Young couple holding hands. White background.

Queer Enough

This month, I agreed to write an editorial about the individual and collective ways in which we can better support queer teens as they engage the process of embracing their identities. Growing up outside the hetero-norm is no easy feat, especially in the age of cyberbullying and the mirages of personal perfection that permeate our social media. I’ve never felt so grateful for the comparative safety of adulthood.


However, instead of writing about today’s teens, I’ve been spinning in the memories of my own queer adolescence and the realization that I’m still, in many ways, an insecure teenager. I was five-years-old when I heard my friends laughing about the word “gay.” Even though I didn’t really know what the word meant, I somehow knew it described me. After all, I was a kid who fell in love with waitresses and Disney princesses, all while nurturing crushes on several first-grade boys. These facts about myself didn’t strike me as inconsistent. I just liked what I liked.


But in middle school, my sexuality became an existential dilemma. Crushes on girls led to downward spirals of confusion: How could I be attracted to both women and men? Weren’t the two attractions mutually exclusive?


Even as an adult, I’m susceptible to the same tailspin. Falling for a woman means fresh panic: Were all of my heteronormative attractions just one big lie? And then, when I’m with a man: Was I ever really gay? Even now, I wonder if I have any business writing for a queer publication because sometimes being a bisexual doesn’t feel quite gay enough. The same limited thinking also makes me wonder if I’ll emasculate a male date by looking too androgynous, or if I ought to be the more aggressive female partner because I’m the one with shorter hair.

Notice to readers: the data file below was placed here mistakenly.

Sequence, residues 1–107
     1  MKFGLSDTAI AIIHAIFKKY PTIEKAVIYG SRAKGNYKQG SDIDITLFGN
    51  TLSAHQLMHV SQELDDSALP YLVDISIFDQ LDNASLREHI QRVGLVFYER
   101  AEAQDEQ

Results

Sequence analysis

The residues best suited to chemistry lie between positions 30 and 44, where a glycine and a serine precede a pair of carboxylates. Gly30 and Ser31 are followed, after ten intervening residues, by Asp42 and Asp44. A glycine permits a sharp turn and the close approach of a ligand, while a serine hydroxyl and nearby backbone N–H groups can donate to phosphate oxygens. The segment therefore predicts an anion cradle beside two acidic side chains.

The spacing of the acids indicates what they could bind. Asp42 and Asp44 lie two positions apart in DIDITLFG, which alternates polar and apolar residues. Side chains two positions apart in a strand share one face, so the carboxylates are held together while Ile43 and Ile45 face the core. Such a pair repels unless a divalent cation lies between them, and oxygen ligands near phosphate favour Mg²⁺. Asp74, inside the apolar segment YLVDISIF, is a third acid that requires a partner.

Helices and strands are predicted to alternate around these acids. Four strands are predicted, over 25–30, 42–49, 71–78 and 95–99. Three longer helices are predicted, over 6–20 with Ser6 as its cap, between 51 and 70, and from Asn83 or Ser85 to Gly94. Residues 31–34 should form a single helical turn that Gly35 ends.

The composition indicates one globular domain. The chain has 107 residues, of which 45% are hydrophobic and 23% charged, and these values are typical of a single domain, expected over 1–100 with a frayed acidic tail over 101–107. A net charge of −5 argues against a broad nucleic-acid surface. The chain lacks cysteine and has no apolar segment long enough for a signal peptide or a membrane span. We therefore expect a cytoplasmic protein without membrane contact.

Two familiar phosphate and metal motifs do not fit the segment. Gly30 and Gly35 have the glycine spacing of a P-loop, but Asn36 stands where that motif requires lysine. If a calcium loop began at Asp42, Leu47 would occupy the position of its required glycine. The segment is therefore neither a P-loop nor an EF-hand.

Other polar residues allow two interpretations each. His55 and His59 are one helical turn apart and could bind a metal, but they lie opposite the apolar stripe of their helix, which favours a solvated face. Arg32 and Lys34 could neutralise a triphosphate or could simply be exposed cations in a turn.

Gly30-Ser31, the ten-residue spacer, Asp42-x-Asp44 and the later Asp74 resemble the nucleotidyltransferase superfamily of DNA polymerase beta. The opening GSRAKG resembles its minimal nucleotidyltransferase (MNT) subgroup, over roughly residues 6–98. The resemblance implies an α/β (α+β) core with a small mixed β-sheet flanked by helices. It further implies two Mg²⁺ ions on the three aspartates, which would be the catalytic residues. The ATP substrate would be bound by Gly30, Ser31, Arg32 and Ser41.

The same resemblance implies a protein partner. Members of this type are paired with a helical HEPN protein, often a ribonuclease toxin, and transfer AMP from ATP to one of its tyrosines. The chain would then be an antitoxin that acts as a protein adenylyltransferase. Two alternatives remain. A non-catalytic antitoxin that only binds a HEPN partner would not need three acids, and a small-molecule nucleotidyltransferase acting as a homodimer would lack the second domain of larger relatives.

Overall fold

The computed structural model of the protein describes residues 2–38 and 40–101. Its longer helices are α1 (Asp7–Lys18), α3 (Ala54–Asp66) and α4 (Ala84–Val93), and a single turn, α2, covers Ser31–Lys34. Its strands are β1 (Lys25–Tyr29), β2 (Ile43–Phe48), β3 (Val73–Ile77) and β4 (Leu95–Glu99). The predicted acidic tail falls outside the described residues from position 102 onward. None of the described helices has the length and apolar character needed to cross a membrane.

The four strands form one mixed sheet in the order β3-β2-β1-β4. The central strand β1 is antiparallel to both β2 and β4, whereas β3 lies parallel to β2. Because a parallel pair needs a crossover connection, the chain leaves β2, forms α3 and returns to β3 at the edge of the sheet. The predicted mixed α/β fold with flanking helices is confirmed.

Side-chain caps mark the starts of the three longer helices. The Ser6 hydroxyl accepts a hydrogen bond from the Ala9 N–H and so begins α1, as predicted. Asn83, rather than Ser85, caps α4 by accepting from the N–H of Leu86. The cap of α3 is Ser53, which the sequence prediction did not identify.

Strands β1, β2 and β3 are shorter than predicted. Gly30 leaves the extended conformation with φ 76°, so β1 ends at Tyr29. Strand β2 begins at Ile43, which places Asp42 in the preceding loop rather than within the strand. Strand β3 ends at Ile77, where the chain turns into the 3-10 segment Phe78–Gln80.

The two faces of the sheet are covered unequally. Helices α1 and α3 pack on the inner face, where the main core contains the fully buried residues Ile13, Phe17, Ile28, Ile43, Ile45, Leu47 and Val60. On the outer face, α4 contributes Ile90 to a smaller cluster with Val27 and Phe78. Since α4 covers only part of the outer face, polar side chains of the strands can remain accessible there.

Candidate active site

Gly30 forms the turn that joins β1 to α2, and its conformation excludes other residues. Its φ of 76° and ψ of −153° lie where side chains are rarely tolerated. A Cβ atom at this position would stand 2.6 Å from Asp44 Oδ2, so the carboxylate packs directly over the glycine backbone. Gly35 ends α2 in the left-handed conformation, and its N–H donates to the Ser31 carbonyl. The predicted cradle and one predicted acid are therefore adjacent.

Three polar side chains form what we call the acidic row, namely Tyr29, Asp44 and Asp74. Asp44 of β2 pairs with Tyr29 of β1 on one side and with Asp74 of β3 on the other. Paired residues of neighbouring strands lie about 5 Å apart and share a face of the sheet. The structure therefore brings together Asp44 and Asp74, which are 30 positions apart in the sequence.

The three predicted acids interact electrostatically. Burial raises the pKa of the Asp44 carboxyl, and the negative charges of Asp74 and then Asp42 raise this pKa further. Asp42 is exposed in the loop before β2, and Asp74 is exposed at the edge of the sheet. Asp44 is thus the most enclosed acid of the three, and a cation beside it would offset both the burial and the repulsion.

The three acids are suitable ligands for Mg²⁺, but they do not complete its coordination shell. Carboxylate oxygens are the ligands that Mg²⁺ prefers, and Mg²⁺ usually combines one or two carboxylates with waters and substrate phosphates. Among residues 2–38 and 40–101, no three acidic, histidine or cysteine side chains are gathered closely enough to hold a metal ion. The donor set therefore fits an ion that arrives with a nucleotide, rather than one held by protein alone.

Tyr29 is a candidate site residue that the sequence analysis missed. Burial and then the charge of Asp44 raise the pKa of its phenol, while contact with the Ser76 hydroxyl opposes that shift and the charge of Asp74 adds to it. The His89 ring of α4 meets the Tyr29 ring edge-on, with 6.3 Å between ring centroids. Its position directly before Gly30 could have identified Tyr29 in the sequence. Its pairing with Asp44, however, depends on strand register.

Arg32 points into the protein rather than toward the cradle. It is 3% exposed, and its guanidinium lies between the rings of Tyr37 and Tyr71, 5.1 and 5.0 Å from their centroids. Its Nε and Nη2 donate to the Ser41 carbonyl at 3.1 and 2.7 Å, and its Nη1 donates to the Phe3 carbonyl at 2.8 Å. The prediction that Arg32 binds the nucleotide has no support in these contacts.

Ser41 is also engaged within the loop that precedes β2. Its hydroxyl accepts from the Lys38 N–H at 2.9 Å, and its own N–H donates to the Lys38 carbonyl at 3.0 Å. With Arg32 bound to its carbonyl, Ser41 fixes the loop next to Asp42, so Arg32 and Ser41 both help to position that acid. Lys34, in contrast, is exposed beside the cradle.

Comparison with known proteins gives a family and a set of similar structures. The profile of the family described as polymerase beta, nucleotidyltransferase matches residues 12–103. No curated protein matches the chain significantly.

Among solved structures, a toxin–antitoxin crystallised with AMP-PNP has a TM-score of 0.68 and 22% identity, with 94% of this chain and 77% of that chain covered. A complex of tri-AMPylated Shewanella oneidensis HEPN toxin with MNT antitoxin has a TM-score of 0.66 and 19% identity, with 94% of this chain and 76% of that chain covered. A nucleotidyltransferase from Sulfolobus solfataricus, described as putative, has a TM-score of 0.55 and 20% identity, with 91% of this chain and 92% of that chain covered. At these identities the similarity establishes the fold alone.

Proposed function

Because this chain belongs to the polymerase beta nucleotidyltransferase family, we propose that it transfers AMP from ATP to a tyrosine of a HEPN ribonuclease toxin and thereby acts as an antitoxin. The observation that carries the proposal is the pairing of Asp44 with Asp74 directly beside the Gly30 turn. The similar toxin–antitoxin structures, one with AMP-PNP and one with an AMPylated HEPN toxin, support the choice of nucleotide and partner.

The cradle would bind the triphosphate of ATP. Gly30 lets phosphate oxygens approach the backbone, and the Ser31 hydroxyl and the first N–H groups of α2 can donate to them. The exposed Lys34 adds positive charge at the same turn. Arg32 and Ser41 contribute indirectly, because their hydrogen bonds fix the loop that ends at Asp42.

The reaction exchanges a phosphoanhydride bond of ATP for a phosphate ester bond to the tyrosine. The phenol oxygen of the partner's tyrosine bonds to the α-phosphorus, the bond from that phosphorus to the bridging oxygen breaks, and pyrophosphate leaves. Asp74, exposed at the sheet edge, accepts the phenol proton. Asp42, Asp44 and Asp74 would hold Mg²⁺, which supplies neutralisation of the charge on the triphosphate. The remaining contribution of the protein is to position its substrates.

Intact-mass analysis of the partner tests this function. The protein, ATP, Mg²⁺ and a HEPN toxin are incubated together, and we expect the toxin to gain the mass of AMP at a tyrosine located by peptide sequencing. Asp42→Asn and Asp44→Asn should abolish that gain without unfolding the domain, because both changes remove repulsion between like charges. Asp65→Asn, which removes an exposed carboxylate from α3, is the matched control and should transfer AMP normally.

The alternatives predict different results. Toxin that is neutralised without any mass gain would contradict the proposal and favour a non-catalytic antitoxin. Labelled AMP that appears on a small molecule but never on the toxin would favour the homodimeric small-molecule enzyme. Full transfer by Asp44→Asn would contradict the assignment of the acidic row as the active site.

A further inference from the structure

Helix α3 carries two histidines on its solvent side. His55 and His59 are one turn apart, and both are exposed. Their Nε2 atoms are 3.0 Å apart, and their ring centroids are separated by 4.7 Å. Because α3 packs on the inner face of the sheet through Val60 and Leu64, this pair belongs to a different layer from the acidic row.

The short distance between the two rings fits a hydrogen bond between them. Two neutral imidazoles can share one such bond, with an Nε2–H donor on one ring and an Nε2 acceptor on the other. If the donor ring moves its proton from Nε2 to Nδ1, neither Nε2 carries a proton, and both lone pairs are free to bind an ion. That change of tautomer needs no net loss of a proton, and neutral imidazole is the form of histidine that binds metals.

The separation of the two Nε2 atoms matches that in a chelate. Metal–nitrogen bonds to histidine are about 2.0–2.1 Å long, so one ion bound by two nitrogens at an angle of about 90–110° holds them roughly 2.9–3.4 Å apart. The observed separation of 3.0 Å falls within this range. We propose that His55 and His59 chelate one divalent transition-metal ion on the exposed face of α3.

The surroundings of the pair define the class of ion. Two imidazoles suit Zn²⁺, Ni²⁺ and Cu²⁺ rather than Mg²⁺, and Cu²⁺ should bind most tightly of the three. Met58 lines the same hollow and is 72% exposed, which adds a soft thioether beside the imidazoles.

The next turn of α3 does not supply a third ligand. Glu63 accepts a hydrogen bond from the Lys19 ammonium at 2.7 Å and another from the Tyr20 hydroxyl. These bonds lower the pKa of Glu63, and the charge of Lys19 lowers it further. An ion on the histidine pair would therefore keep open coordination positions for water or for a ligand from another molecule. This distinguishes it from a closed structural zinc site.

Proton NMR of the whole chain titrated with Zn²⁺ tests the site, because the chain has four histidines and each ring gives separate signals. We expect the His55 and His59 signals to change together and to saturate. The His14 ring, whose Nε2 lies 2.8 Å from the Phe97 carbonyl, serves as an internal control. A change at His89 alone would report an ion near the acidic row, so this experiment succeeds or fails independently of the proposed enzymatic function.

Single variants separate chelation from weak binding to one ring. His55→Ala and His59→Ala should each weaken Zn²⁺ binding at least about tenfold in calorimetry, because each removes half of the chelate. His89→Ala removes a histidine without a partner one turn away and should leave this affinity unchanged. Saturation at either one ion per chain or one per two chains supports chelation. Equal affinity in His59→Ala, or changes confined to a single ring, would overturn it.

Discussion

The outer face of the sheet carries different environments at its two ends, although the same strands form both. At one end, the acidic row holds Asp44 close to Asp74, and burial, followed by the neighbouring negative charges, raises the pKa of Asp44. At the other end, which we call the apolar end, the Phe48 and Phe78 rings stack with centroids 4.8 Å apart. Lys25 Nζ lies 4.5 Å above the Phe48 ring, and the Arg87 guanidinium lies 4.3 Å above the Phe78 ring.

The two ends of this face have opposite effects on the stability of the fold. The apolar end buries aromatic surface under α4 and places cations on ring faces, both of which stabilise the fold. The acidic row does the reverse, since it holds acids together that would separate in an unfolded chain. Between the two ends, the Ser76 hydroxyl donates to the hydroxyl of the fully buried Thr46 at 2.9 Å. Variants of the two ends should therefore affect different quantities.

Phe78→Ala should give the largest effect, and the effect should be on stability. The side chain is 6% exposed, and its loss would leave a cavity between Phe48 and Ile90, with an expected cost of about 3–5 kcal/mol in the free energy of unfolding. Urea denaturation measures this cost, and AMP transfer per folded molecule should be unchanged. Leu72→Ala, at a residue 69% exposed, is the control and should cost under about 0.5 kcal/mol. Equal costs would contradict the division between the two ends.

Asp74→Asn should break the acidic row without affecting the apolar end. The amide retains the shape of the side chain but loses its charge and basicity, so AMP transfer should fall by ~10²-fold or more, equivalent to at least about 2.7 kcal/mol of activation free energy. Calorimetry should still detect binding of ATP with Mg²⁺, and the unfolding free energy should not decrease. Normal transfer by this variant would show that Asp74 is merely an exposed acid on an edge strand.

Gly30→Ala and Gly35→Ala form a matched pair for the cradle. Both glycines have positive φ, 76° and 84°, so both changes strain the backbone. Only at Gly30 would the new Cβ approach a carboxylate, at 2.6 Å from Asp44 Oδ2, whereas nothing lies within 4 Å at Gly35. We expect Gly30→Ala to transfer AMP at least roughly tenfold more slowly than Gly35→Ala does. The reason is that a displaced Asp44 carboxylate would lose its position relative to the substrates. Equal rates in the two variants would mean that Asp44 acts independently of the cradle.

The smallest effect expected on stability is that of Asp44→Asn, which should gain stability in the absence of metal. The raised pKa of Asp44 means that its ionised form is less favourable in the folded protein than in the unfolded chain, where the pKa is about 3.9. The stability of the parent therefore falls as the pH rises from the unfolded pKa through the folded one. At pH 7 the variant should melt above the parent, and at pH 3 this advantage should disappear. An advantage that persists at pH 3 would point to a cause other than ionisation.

My fears, adolescent and present, operate in terms of limits: Which attractions nullify the others? Which definitions of self are the most final? It’s a very human desire to want to pinpoint exactly who and what we are, a particularly acute dilemma during adolescence. It’s a quest that was especially obvious in my teenage love of list-making. In diary pages and classroom notebooks, I wrote it all down: What do I like? Who am I? My goal was a distinct identity, reducible to the comfortable certainty of bullet points.


Luckily, I was also really into collage. My pre-Pinterest cobbling of Converse shoes and electric guitars created space for a different set of questions: What disparate pieces of the world are part of my own self-understanding?


Unsurprisingly, my collages usually featured women: mashups of body parts and hairstyles, limbs bent at impossible angles, features that were out of proportion with one another. According to the standards of healthy physical development, the amateur artworks that I so carefully taped together were more deformity than beauty.


And yet, my monstrosities contain the best advice I can muster for queer teens and myself: The bullet points will always fail you. Reducing yourself to an easily digestible definition might come with quick security, but these coping mechanisms will let you down eventually because you will always surprise yourself. Better to watch yourself with gentle expectation and embrace the result even if you can’t make sense of it.


As an adult, I’ve never been more grateful for the chance to be more than the sum of my past and my parts. Maybe your mottled collage doesn’t have the safety of a carefully composed list but trust it anyway. When linear logic topples, your various layers and mismatched pieces will always hold you up.